The Prophet Joseph Smith significantly altered one verse in the Joseph Smith Translation. It reads: “What man of you, having an hundred sheep, if he lose one of them, doth not leave the ninety and nine and go into the wilderness after that which is lost, until he find it?” (JST, Luke 15:4; italics added.)

This quote assumes the body of the flock of Christ is safe and secure. Those who need to be reclaimed have wandered from the safety of the enclosure and the body of the flock. In Luke 15:4 - 6 we are told that when the shepherd finds the lost sheep he carries the sheep back to the safety of the fold on his shoulders. And not only does he do most of the work by carrying the sheep, but he rejoices along the way in having found the sheep. And when he returns he calls his friends together and they rejoice together.

This is a godly rejoicing. There is forgiveness, acceptance, and joy in the safety of the one who was lost. The attitude demonstrated in the parable of the lost sheep is one of profound gratitude for having found the sheep. The shepherd is not angry that the sheep was stupid enough to have wandered off in the first place. He didn’t find the sheep and beat it back into the fold to teach it a lesson. He didn’t berate the sheep back into obedience. Instead, he loved the sheep, was tolerant and forgiving of past actions, picked up and carried the sheep back to the fold on his shoulders, bearing the weight of the return to the fold to make it easier for the sheep to return willingly. Then when the sheep had been successfully returned, the shepherd rejoiced and celebrated, not for his own hard work, but for the safety of the sheep. The attitude and perspective of the shepherd makes all the difference in the world in this story.

This is what is required to help our neighbors back into full activity in the Church. We cannot expect them to do all the work, any more than the shepherd expects the sheep to come trotting back just because he whistles and invites the sheep to do so. We have understandings and testimonies that the less active have lost. Those also need to be found and brought back, and that is only done with love, tolerance and patience.

How do we reclaim the lost?

The Lord, our Good Shepherd, expects us to be his undershepherds and recover those who are struggling or are lost. We can’t tell you how to do it, but as you become involved and seek inspiration, success will result from efforts in your areas, … stakes, and wards.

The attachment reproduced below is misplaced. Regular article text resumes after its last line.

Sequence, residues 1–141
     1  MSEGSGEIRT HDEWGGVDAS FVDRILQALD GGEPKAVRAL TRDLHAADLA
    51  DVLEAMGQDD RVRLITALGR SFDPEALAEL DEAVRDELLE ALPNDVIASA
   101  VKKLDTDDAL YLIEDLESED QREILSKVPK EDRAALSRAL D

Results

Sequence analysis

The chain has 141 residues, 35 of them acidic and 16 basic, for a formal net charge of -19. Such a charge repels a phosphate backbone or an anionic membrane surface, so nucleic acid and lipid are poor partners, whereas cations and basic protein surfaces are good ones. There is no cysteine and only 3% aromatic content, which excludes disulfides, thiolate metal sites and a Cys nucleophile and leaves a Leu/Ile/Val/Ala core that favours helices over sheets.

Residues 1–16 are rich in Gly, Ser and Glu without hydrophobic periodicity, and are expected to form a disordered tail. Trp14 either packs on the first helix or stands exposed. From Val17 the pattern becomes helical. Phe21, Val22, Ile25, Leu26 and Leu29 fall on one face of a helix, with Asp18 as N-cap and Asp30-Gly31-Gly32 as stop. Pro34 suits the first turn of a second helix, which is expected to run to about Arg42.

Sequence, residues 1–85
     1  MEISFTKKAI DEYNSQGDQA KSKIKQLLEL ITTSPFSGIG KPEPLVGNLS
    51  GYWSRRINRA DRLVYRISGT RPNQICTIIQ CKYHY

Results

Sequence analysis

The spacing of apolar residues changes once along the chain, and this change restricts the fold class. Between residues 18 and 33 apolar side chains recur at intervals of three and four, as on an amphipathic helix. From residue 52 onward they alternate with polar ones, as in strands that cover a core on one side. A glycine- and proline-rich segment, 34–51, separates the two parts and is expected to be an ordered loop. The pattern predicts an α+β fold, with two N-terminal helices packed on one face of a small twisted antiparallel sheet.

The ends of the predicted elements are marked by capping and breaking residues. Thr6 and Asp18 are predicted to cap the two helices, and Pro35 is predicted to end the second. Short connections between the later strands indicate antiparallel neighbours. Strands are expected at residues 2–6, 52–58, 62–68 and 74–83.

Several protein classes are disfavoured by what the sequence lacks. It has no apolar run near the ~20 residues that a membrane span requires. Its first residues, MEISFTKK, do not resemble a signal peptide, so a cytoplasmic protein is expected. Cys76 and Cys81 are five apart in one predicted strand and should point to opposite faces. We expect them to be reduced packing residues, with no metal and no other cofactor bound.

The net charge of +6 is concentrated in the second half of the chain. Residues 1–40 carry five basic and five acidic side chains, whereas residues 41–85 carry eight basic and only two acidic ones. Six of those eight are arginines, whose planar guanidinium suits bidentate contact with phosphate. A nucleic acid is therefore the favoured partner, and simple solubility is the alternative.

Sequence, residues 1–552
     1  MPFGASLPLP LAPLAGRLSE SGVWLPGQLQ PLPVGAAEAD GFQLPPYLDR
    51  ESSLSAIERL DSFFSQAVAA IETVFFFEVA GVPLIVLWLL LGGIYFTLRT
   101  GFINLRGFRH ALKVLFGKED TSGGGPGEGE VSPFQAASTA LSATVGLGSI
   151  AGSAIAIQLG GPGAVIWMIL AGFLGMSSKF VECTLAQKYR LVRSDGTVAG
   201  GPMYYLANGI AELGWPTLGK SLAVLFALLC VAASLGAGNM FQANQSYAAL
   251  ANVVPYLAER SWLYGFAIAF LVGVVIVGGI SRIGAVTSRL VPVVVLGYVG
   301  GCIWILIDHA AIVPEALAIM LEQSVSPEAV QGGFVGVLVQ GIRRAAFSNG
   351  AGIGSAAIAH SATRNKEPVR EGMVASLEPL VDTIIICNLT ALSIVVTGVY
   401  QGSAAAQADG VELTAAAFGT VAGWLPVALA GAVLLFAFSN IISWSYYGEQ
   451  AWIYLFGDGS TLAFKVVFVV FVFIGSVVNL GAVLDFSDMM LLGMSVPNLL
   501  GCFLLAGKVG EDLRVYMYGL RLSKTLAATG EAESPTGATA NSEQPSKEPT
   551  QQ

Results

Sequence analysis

Isn’t it interesting that the prophet cannot tell us how to reactivate the inactive? Why do you think that is? Perhaps the answer is found in this half of his sentence: “... as you become involved and seek inspiration, success will result ...” An inactive person is not a box that needs to be assembled, just like the million and one other boxes needing to be assembled. Each inactive person is inactive for their own personal reasons. Only the Spirit can reveal to us what needs to be done to touch the life and heart of that person to win them back to the Lord.

Much of the joy derived from seeking after the lost sheep in the Church comes from the closeness we develop with the Lord through the Holy Ghost. As we seek for direction from God to help us influence these people for good, our lives are blessed and enriched with the influence of the Spirit that directs us and teaches, and changes our hearts to be more sensitive and filled with love.

Final Thoughts

Have you noticed that in each part of the activation process the person doing the activation is blessed with the Spirit and the revelation to do what is necessary to help bless the life of the brother or sister they are trying to reach? Activation of those who have strayed from the Church blesses the lives of the activators every bit as much as it does the person being activated.

The Lord has this amazing ability to take even the simplest of blessings and affect many lives with that one blessing. Yes, we are seeking to bring those who have left our immediate association back into full fellowship with the Saints, but in doing so the result is our rejoicing with them as they come back into an active covenant relationship with our Father in Heaven. We become closer to the Spirit and learn to think, act, and feel more like Christ in the process.

Christ spent his life inviting all who would listen to him to come to him and find rest and fulfillment in what he had to offer. By giving us responsibility for the welfare of our brothers and sisters we strengthen the ties that create the eternal families (note the larger definition of family) we are seeking to be part of in the hereafter.